Hyperthyroidism And Diabetes
Hyperthyroidism can make blood glucose control difficult, so proper diagnosis and treatment are important. People with type 1 diabetes are at a high risk for hyperthyroidism, a condition caused by the overproduction of thyroid hormones. This excess of hormones speeds up the metabolism, the rate at which the body uses energy. Hyperthyroidism is usually associated with poor blood glucose control and a need for additional insulin. A increased metabolism “clears” insulin from the system at a faster rate, and an increased production and absorption of glucose can raise blood sugars. All of this can lead to insulin resistance – where cells are unable to respond to insulin in order to use glucose for energy. In extreme cases, this can lead to dangerously high blood sugars and diabetic ketoacidosis. Hyperthyroidism can also aggravate diabetic heart conditions. It can cause a rapid heart rate as well as arrhythmia (an irregular heartbeat). People with type 1 diabetes are particularly vulnerable to developing hyperthyroidism because thyroid disorders often result from problems with the immune system. The most common cause of hyperthyroidism in people under 40 is Graves’ disease, an autoimmune disorder. People with type 2 diabetes can also be affected by hyperthyroidism. However, people with type 2 are more likely to have hypothyroidism, a condition where the body produces too little thyroid hormones and the metabolism is slowed. What is Hyperthyroidism? The source of the problem is the thyroid, a butterfly-shaped gland located in the front of the neck below the larynx or voice box. The thyroid consists of two lobes, one located on either side of the windpipe. The job of the gland is to store hormones and release them into the bloodstream, where they circulate throughout th Continue reading >>
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The Link Between Sugar And Thyroid Health. A Dietitian Explains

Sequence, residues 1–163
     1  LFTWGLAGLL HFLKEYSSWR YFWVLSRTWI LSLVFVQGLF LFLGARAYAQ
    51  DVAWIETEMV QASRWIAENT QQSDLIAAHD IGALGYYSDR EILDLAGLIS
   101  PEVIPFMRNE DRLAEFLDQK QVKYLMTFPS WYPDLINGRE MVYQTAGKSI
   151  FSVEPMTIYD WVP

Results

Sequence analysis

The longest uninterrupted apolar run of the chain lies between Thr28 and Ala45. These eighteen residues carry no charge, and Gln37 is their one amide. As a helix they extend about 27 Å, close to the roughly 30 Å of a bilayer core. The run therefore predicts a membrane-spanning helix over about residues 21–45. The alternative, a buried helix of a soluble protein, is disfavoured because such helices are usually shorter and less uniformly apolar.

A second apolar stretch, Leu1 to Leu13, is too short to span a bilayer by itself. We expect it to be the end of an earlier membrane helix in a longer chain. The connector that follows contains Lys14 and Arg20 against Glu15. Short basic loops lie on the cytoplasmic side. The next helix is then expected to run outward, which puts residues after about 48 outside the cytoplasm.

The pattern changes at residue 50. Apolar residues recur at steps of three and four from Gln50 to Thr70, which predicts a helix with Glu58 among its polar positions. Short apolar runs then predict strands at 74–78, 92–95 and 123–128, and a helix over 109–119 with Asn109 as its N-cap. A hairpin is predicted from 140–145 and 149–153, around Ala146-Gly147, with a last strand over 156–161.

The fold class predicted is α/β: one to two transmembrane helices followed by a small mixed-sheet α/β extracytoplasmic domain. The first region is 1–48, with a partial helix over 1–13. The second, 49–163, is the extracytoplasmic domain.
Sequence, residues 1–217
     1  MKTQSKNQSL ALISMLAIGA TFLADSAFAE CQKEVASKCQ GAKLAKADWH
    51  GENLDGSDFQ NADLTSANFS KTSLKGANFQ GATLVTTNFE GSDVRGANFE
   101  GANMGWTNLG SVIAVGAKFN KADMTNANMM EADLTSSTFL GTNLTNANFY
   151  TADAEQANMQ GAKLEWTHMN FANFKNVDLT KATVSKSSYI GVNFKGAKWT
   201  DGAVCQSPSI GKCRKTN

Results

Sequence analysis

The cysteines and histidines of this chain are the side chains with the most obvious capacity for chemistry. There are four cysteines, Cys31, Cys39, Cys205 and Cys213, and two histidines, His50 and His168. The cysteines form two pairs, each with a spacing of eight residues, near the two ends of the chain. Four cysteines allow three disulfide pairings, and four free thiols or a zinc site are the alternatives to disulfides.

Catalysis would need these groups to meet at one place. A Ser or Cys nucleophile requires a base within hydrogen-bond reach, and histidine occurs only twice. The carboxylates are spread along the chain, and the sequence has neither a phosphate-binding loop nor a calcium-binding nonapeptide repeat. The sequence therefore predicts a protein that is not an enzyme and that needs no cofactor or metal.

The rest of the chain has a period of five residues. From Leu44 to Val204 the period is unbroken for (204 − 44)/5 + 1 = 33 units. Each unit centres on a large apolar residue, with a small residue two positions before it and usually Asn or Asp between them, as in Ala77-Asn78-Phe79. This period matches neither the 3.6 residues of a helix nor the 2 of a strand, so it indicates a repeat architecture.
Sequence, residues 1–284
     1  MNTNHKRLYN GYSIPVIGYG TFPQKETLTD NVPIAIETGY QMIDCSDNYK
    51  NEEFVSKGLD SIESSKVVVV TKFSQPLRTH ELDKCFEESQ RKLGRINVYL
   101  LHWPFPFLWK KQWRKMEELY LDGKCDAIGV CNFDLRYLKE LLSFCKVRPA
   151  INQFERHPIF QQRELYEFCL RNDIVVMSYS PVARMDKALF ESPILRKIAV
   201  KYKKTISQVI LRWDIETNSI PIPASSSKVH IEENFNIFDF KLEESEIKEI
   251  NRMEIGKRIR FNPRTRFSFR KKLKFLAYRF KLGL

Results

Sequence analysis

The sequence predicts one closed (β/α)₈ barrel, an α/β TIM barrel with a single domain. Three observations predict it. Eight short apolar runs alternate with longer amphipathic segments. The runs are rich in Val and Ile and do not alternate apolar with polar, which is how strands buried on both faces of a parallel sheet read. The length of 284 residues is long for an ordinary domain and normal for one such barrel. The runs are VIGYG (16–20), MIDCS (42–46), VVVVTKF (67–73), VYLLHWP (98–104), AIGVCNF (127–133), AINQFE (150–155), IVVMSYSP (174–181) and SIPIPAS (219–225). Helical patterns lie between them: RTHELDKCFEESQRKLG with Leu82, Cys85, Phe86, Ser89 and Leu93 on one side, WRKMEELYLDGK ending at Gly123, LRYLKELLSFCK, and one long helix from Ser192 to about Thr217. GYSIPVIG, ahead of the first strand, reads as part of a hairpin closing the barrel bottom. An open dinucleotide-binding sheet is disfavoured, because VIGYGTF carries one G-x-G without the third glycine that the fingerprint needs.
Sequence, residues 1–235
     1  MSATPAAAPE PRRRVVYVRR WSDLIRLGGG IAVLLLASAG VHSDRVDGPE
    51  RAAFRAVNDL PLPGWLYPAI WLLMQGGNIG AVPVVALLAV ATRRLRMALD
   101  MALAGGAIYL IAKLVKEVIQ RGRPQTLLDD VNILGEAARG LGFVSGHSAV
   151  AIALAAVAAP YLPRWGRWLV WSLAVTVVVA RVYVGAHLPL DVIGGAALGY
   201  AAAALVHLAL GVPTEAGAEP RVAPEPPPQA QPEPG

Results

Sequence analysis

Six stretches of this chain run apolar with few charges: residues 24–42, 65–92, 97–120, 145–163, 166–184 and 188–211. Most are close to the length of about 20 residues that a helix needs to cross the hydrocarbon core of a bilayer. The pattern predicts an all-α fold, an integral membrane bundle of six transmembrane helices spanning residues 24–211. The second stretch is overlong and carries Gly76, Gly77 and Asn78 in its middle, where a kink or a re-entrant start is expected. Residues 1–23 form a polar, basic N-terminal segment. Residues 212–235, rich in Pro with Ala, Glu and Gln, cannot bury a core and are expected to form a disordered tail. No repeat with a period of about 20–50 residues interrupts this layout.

Your thyroid (the butterfly-shaped gland in your neck that regulates metabolism) is very sensitive to change. Thyroid hormones can be thrown out by stress, infections, lack of sleep, and, oh yeah, diet. As a dietitian and nutritionist, I consult with a lot of women with thyroid issues. But whether they have autoimmune thyroid disease or suboptimal thyroid function (hypothyroidism) from lifestyle stressors, I always tell them one thing: lower your sugar intake. Sugar mucks with your gut bacteria. Sugar feeds the “bad” bacteria in your intestine (gut), which perpetuates their numbers. This often comes at the expense of “good”, or beneficial, bacteria. But what does this have to do with the thyroid, you say? Well, close close to 20 per cent of T3 (active thyroid hormone) production happens in your gut. The presence of bad bacteria decreases production and causes the release of endotoxins (chemicals released by bad bacteria), which lead to leaky gut. Leaky gut has been linked to thyroid dysfunction and numerous autoimmune conditions. Sugar screws with blood glucose. A high-sugar diet causes frequent insulin spikes. Over time, your body becomes resistant to these spikes, leaving more glucose in your bloodstream, as opposed to in your cells where it can be used for energy. This is known as insulin resistance. Chronically high blood sugar and the associated insulin spikes are linked to increased thyroid gland destruction in people with autoimmune thyroid conditions. Sugar causes inflammation. The negative effect of sugar on glucose levels can create inflammation, too. The inflammation leads to a suppression of the hypothalamic pituitary axis (HPA Axis), which is a SUPER important chain of structures that control your response to stress, immune function and thyroid horm Continue reading >>